The plaque marks the rededication of Impington Village College in 1989. It was made by the Kindersley Workshop in Cambridge to celebrate the 50th Anniversary of the College and was addressed by Sylvia West in the presence of Mr Bevan, Lord Lieutenant.
Address by Sylvia West, Warden of Impington Village College, 18 September 1989
Extract from 'The Henry Morris Collection'. Edited by Harry Ree CUP 1984 - On occasion of rededication of College
Mr. and Mrs. Bevan, Bishop, Ladies and Gentlemen.
I am pleased to respond to the unveiling of this impressive and festive plaque; pleased, too, to have been encouraged to choose the inscription.
It seems to me right that David and Lida Kindersley should have been commissioned to do this for the college’s jubilee. Not only did David design and cut out the plaque in the Carnegie Room, which acknowledges the Chivers gift for the Adult Wing, and the school sign, but I know that David links with Henry Morris’ era and shares similar views on education and the place of the arts/ works of arts in the emotional and intellectual development of the young.
The lines I have chosen are from Meredith as were those of the first plaque when the College was opened:
“Full lasting is the song, though he,
The singer, passes; lasting too,
For souls not lent in usury,
The rapture of the forward view.”
(The Thrush in February)
The lines of today’s plaque come from “The Empty Purse” and were also favourites of Henry Morris. He used the whole stanza in a festival programme in 1931:
“Thou under stress of the strife
Shalt hear for sustainment supreme
The cry of the conscience of life:
Keep the young generation in hail
And bequeath them no tumbled house.”
Looking at the rich orange against the gold, David’s design gives marvellous weight to the lines; it is a work of art and a marker in our history.
Certainly we are not quite the ‘tumbled house’ in a literal sense thanks to our County Property Department which over the last three years has worked with us to bring fabric and spaces up to date and quality.
I share Morris’ conviction that the future of education and its attendant administration is safest with artists, philosophers and thinkers who can realise their ideas. Today, I fear, so much bureaucracy is concerned with means not ends.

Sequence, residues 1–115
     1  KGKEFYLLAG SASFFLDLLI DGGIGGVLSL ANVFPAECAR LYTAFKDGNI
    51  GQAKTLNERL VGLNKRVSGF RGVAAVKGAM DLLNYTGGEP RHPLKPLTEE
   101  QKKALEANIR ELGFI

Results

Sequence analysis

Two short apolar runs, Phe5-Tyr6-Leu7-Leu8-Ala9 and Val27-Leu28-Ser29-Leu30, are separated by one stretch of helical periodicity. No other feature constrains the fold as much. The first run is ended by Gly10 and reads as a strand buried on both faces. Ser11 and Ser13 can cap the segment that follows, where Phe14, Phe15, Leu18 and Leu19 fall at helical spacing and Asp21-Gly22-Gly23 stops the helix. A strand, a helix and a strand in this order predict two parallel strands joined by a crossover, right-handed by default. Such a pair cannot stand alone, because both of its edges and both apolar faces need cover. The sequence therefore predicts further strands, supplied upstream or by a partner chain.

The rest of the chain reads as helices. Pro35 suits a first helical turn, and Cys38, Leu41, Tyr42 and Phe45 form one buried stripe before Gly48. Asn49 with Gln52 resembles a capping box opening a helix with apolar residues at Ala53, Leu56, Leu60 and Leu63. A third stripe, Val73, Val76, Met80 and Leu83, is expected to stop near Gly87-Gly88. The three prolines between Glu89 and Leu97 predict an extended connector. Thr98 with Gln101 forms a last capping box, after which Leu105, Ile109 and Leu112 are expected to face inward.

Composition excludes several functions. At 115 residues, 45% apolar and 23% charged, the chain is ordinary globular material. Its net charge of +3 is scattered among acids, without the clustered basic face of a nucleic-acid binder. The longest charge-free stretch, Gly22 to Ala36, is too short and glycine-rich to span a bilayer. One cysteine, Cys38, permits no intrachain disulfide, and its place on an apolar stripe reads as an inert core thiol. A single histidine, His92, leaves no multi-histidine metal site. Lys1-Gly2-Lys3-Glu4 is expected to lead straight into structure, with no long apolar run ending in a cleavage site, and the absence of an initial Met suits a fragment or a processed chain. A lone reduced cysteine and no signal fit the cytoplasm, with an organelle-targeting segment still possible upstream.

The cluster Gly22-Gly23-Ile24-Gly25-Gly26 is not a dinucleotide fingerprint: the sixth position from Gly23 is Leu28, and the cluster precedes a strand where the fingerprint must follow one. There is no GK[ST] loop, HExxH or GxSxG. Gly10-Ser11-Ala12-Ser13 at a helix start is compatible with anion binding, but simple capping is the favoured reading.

Thus I am delighted to have this fusion of craftsmanship, art and poetry to encourage us on our way.
Both the Meredith quotes refer to the future and the need for vision to look beyond the limits of finance or moment. Dipping into Morris’ writings recently I feel we are attuned to his thinking here at IVC and are forming the plans needed for the 21st century, following vision with realisation.
We shall go as far as we can see and see how far we can go, conscious always of future generations and the hope in the young (of course, 0 – 90 years!).
We can consider our past today with confidence and pride, but more of all we must look forward.
The siting of the plaque (like the first) around a corner was a deliberate decision. Not only does the light here fall across the slate but it is better to come upon such things. It will be there for a long time (araldite permitting), and rather like an ancient building or church might reveal its riches gradually and from many angles, the plaque and inscription will continue to seep into our consciousness.
Perhaps I could finish with reference to Harry Ree on Morris and thoughts of the future:
“Each age is a dream that is dying, and one that is coming to birth. We have raised the school leaving age to 90. Where every single being is significated in the economic and cultural order… where every local community becomes an educational society, and where education becomes not merely a consequence of good government, but good government a consequence of education.”